Despite the extraordinary technological and agricultural advances of the modern era, the ancient and most basic affliction of hunger is still with us. Every day, 840 million people do not have enough to eat. In South Asia, one person in four goes hungry. In Sub-Saharan Africa, the proportion is as high as one in three.
One of the Millennium Development Goals is to eradicate poverty and hunger. The Millennium Declaration calls for halving, by 2015, the proportion of people who live in less than a dollar a day and the proportion of people who suffer from hunger. The 1996 World Food Summit also called for cutting by half the number of hunger people by 2015 –a goal reaffirmed at the 2002 World Food Summit: five years later.
These targets are challenging, and we only have twelve more years to reach them. But they are achievable.
They demand action on many fronts to increase food production and improve food distribution. They also require action to achieve the other Millennium Development Goals, since food security is linked to education, sanitation, gender equality, environmental sustainability and the control of infectious diseases.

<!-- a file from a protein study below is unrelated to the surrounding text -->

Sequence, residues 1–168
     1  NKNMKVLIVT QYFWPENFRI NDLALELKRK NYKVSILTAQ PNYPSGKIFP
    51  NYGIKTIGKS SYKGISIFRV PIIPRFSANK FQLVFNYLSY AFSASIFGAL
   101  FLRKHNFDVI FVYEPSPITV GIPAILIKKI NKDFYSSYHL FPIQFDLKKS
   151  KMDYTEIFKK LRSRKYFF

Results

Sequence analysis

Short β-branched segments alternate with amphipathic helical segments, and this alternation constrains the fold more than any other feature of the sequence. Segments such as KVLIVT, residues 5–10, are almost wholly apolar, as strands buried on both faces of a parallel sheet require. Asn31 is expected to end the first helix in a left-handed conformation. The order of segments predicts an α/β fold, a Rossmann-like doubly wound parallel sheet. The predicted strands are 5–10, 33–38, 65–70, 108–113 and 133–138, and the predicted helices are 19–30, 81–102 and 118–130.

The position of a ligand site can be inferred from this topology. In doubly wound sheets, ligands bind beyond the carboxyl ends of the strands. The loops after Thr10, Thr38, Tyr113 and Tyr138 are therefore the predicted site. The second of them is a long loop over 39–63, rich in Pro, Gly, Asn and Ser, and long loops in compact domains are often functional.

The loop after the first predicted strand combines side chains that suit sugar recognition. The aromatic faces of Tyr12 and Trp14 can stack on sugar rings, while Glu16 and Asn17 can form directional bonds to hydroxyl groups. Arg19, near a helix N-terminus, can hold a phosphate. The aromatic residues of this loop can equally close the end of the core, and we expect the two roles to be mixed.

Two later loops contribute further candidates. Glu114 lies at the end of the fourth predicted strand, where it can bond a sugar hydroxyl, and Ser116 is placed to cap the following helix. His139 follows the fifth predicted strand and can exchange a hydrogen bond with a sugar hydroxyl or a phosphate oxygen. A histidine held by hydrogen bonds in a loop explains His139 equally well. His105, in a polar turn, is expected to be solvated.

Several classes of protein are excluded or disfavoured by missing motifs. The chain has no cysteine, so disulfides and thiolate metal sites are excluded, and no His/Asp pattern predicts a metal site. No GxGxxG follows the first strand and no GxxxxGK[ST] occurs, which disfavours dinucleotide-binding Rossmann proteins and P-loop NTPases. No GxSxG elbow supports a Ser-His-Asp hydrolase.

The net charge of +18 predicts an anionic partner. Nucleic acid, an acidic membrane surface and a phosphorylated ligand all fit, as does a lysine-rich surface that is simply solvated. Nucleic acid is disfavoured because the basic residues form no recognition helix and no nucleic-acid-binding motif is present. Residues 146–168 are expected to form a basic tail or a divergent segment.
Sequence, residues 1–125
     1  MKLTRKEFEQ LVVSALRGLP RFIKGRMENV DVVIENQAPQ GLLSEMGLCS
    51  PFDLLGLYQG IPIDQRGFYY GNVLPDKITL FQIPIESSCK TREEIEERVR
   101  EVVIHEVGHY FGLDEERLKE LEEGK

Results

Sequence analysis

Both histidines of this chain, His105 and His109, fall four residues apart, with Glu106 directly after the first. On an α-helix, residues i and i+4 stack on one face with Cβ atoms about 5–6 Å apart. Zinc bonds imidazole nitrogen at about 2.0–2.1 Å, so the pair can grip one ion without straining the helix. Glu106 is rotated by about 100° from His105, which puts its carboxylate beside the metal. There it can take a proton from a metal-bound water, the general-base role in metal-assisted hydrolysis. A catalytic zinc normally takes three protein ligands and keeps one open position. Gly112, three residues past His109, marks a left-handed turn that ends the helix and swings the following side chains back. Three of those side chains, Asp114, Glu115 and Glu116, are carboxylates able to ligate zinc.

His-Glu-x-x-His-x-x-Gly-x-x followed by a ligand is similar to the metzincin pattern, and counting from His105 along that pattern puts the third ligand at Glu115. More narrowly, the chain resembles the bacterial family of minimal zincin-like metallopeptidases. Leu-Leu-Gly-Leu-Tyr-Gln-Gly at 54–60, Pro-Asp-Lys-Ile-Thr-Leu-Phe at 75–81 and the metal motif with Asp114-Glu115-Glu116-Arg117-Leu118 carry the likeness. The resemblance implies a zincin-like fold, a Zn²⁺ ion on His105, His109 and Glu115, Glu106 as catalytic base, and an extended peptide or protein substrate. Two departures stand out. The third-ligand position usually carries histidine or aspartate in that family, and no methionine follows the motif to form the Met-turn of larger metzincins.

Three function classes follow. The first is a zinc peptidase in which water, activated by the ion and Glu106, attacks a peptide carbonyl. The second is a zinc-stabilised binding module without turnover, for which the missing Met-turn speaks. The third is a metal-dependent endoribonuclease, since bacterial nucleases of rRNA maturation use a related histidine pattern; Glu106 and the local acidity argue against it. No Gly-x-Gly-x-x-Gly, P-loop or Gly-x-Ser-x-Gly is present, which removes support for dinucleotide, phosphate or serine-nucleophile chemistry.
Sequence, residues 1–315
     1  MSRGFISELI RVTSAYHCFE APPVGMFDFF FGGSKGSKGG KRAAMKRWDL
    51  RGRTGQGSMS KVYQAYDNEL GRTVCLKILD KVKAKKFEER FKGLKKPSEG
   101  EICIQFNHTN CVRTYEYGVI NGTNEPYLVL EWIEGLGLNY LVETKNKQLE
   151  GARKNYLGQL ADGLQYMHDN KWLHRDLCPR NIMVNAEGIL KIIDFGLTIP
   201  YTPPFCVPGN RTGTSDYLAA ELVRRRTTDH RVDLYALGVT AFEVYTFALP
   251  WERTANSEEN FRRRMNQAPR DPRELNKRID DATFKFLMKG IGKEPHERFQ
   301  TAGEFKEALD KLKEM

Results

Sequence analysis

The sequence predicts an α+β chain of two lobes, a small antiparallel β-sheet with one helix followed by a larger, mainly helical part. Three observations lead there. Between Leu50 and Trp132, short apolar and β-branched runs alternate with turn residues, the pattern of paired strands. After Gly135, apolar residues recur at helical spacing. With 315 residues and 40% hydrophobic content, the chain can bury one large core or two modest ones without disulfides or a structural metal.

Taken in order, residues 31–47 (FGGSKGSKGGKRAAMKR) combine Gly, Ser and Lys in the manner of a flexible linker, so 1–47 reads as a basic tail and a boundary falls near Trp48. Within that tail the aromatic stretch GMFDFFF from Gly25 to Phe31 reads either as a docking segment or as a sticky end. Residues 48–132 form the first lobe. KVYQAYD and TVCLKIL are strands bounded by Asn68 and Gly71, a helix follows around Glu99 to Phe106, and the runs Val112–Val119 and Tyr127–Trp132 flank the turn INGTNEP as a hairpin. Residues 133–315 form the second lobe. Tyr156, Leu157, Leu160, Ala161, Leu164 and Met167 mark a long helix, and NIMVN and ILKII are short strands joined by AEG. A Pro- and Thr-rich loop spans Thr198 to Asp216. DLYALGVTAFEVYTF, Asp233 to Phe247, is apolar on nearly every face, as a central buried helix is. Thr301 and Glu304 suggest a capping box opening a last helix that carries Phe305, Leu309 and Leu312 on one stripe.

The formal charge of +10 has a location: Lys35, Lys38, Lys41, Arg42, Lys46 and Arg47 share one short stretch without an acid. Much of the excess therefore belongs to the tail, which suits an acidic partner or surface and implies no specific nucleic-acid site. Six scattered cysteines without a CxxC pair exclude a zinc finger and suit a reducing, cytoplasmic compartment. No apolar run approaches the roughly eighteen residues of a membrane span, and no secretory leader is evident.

And, as the theme of this year's World Food Day reminds us, the goals will be met only if we forge a true “International Alliance against Hunger” –an alliance encompassing governments, international organisations, civil society, the private sector, religious groups and individuals. Indeed, such a global partnership for development is itself one of the Millennium Development Goals.
Large-scale hunger is an affront to human dignity and should shock the conscience of humankind. The United Nations remains committed to the goal of banishing hunger and poverty from our world. I urge all our partners at the national, regional and international level to band together and bring to bear the political will, resources and expertise that is needed to win the fight against hunger –a fight as worthy and as vital as any in which the world is engaged.